Casino Chips History: How It All Started

Casino Chips History: How It All Started

Collectors have had a special interest in vintage chips from the early days of gambling. Chips from long-gone casinos like El Rancho Vegas, which operated from the early 1940s to 1960, surely transport gamblers down memory lane. Las Vegas reinvents itself endlessly to keep loyal gamblers occupied. The feeling of the splashy, obtrusively bright, and showy mid-century look of the olden days’ casinos transcends to the gambling chips.

How and Where Were the First Casino Chips Made?

In the heydays of casinos, most gamblers used golden coins, gold nuggets, or sometimes gold dust as legal tender for gambling. Shortly, these nuggets and coins were replaced by chips. Of course, gambling chips were a better invention because they were handier and easier to manage and count. Chips were then made from wood, bone, or a mix of paper and clay. Gamblers could easily make counterfeits of these chips, which they add to their stacks for hassle-free cash-out. Soon, casinos discovered that lots of gamblers were constantly adding counterfeit chips to the stack. They started working hand in hand with various chip producers to design gambling chips that are unique to each casino. These unique designs were made from ivory or clay (which was the most popular). The clay casino chips manufactured by the US Playing Card Company. were the most expensive casino chips ever produced. They were made as round lithographs encapsulated in clay material. These chips also contain a seal with a special liquid. They were quite attractive at that time, and most casino chip producers endorsed them. As time went by, plastic chips became more common in the 1940s because they were cheaper to produce.

How Did Casino Chip Design Change?

Since the invention of gambling chips during the late 19th century, casino chips have evolved over the years. Individual casinos now decide the type of design they want for their casino chips. Each casino is distinct from the next one. They also differ in size or weight. Various chips come with the casino logo engraved on them. They also come in different colors that are peculiar to each casino. Online casinos are not left out of this; they also have different types of chips with unique colors and branding.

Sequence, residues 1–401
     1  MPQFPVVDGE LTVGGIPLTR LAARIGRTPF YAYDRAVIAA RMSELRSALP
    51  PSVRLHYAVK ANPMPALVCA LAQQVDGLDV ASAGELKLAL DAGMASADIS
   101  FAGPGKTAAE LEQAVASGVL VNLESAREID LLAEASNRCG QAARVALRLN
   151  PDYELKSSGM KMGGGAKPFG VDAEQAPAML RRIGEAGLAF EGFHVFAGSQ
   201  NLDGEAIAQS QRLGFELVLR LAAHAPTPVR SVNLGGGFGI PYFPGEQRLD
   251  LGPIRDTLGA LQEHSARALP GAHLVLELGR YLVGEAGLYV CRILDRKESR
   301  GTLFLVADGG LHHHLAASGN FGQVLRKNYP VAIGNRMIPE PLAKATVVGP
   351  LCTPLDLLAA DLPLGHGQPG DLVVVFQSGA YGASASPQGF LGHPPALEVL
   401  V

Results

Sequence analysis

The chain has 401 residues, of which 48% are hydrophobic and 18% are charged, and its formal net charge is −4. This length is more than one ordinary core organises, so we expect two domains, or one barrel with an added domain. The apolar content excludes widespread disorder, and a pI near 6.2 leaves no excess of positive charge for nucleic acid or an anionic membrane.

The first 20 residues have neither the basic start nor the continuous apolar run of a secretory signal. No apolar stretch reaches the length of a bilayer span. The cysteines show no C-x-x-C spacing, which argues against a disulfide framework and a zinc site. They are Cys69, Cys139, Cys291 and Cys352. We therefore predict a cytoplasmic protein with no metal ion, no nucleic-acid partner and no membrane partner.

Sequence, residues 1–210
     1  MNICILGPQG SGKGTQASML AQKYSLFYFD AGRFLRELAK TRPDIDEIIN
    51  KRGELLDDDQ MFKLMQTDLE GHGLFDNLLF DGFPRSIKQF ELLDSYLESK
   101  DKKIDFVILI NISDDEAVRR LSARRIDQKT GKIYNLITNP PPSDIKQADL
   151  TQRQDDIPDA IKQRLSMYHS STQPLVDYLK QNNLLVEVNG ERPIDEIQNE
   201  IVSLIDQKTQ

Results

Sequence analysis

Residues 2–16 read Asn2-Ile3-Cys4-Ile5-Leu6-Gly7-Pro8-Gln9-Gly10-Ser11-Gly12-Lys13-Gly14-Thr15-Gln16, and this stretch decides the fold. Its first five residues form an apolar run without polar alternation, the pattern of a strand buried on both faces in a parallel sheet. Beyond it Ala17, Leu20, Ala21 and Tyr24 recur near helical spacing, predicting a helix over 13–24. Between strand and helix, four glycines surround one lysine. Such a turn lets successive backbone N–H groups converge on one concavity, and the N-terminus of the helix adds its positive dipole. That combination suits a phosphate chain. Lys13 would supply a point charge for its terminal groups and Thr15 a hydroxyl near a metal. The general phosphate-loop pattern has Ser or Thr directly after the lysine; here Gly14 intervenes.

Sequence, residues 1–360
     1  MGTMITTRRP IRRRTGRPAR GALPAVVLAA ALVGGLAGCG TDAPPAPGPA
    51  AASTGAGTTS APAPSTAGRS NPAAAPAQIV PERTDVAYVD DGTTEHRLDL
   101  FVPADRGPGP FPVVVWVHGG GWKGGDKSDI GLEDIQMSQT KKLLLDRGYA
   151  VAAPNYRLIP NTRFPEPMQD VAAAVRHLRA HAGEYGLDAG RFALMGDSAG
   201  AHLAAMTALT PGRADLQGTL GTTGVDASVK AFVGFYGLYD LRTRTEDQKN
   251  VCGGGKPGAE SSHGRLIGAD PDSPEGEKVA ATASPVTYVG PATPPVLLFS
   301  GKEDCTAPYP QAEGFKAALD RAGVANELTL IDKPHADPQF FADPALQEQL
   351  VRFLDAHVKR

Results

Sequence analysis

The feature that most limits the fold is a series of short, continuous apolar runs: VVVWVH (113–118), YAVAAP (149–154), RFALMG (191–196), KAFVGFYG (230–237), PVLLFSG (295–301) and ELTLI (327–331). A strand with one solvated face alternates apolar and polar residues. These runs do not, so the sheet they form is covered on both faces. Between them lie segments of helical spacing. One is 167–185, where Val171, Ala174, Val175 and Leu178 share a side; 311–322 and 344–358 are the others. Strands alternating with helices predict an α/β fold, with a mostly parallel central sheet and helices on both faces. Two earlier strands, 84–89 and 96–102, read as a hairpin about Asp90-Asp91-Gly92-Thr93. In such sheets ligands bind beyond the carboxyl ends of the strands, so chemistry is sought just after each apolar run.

Do Vintage Chips Have Value? Where to Buy or Sell Them?

Antique poker chips manufactured from ivory with engraved images like the Suydam beehive are listed for $30 each. Other chips of pearl color have values of $15 to $20. The plastic ones from the 1950s are worth $3 to $8. Poker chips have little face value, and most of the time they have images imprinted on them, which can range from a portrait to objects such as cars or houses. They have no face value – players ascribe values to them by their colors. A complete set of poker chips for private or commercial usage, vintage or not, generally consists of 100 white, 50 red, and 50 blue chips.

On the other hand, casino chips are usually made of clay composite. They tend to carry the name of the casino, the city, and the state, and a face value is ascribed to them. They are treated like money at casinos, so they are often destroyed when removed from circulation. Others are cancelled by having a hole drilled into them, getting notched, or being over-stamped and then sold as souvenirs. For these reasons, vintage chips won or bought at a casino are uncommon and highly collectible, particularly the ones of higher denominations. Old Casino chips from high-class casinos that are no longer in business, like the Playboy Club in Atlantic City or the Dunes in Las Vegas, are the most sought-after. Unlike vintage poker chips, vintage casino chips are highly valued and could have a listed value as high as $50,000.

The easiest way to trade vintage chips is on the internet. Public auction sites like eBay are good markets for antique chips. A private website can also serve this purpose, but if you need a quick buck, then a pawn shop could be another option to consider. Chips could also be sold at a physical auction. This seems to be the best option because, at dedicated auctions, collectors are aware of the value of chips, and a bidding war between myriads of buyers can push up the price.

The Most Expensive Vintage Casino Chips

Even though it doesn’t happen every day, collectible casino chips can achieve sums well in excess of their face value. Just like other collectibles, scarcity drives demand. Aside from age and location, casino chip collectors keep other attributes in mind, such as design and the type of inlay. At least one old chip is known to have survived from the Golden Goose, and it sold for $3,000 at an auction in 1996. At the 2014 convention, a $5 chip from the Golden Goose was also sold for $75,000 and a $5 chip from the Lucky Casino was sold for $52,500.


Though antique casino chips have lost their payout power at designated casinos, collectors are not just interested in their face value. They are valued based on their connection to a time when casinos were not common and the majority were in Nevada. When a typical casino floor was packed with businessmen in ritzy tuxedos and dainty ladies in evening gowns on every side of the high-roller tables, that Vegas is gone for sure, but vintage casino chips help keep that beguiling era alive and keep collectors singing “Viva Las Vegas” as they look through auction brochures and muse on their bids.